A financial audit of the Enoch Pratt Free Library found that sloppy bookkeeping and poor oversight have resulted in balance questions, negative accounts and late reimbursements to city coffers.
After a presentation before the city's spending panel Wednesday, Council President Bernard C. "Jack" Young asked library officials to return in 90 days to discuss their plan to correct the accounting troubles.
Young said while he is a "big supporter of the library system," he is concerned, especially since some of the problems have continued for several years.
The library is looking to hire a senior accountant to reconcile its books and expects to repay the city at least $1.2 million by June 30, the end of the fiscal year.
"We are working with the city to clearly improve all of our bookkeeping," said Roswell Encina, director of communications for the library. "The bottom line is, no taxpayers' dollars or library donors' money is unaccounted for."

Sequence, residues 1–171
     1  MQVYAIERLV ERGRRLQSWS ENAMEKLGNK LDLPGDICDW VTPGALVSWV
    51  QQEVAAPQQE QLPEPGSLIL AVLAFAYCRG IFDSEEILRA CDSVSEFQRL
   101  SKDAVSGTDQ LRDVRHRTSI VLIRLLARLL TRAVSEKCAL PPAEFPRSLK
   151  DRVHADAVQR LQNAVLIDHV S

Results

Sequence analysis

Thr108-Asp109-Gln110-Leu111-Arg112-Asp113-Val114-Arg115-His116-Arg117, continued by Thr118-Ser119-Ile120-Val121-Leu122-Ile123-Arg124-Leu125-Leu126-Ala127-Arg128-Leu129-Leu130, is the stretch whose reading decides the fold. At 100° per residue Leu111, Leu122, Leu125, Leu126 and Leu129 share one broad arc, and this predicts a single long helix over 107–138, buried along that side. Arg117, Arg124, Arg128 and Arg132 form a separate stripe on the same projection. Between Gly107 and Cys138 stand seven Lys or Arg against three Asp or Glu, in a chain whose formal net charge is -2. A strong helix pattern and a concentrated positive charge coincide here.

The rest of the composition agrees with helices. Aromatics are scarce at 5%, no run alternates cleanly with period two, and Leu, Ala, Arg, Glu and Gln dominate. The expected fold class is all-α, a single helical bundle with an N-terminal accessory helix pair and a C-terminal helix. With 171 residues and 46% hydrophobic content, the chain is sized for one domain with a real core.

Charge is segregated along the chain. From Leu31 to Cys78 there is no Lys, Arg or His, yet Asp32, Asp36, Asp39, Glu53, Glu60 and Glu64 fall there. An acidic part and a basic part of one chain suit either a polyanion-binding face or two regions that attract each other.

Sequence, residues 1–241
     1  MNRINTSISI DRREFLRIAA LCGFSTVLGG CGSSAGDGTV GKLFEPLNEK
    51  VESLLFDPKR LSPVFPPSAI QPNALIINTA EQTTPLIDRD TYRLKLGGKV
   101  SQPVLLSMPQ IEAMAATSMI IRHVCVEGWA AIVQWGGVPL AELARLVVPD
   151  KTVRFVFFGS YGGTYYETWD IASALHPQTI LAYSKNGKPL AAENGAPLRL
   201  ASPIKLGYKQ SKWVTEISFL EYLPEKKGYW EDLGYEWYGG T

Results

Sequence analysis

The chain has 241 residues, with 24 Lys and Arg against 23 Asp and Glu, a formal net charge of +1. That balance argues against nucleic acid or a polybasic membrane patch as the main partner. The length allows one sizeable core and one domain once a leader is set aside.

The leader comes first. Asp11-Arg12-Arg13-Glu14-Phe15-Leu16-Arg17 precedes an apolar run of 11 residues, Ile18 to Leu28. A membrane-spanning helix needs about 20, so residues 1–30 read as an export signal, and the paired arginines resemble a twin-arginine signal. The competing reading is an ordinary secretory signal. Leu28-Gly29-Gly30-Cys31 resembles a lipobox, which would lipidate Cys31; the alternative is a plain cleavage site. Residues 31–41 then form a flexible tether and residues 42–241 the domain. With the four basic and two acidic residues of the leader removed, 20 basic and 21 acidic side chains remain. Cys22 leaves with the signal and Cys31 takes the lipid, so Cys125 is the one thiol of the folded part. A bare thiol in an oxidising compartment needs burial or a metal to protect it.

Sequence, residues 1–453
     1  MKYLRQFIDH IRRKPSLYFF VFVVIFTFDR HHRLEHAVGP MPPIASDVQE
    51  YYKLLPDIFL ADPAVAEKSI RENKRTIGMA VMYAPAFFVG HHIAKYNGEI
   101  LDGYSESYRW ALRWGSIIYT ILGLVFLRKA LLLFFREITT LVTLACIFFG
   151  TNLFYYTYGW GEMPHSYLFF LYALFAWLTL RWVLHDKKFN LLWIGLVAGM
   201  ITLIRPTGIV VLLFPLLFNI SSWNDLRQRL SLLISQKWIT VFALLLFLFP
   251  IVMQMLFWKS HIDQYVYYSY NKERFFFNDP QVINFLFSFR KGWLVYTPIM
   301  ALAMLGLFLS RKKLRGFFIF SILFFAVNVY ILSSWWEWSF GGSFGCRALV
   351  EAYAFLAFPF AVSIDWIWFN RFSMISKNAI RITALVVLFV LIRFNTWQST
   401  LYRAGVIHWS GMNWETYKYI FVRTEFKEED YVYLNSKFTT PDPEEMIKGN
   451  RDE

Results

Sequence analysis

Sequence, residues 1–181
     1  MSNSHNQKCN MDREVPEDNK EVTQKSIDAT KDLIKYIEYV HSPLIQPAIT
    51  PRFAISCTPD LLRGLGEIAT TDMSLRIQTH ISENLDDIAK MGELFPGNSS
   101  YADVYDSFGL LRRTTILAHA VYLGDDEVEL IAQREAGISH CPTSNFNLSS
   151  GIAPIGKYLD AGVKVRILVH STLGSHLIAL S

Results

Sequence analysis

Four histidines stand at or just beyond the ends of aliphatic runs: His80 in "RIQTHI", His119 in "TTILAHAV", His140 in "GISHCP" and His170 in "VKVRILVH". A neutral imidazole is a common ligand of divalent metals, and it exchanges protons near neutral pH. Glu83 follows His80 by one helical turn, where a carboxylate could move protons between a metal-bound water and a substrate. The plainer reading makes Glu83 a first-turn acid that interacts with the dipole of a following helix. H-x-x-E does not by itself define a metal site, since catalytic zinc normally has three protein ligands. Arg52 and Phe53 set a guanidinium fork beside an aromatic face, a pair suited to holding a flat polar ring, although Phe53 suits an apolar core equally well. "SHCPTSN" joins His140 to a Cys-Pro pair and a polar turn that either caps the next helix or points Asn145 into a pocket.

A report by the city auditor, Robert L. McCarty Jr., for the 2013 fiscal year found that the library did not have a sufficient number of adequately trained accountants on staff, a problem first identified in 2011.
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McCarty warned that current practices don't guarantee that a major mistake would be "prevented, or detected and corrected on a timely basis."
The library owes the city at least $1.2 million. The city covered some expenses on behalf of the library, for which the library receives state grant dollars. Because of cash-flow issues, the library was late in reimbursing the city $3.7 million last year.
The library also did not provide enough documentation in accounting records to show whether expenditures were authorized by management or charged to the correct account, according to the audit. The review recommended that the library adopt new policies and procedures for managers to routinely review work performed by subordinate staff on at least a monthly basis.
"We're striving to work on all of this," Encina said. "This raises some red flags, and it should."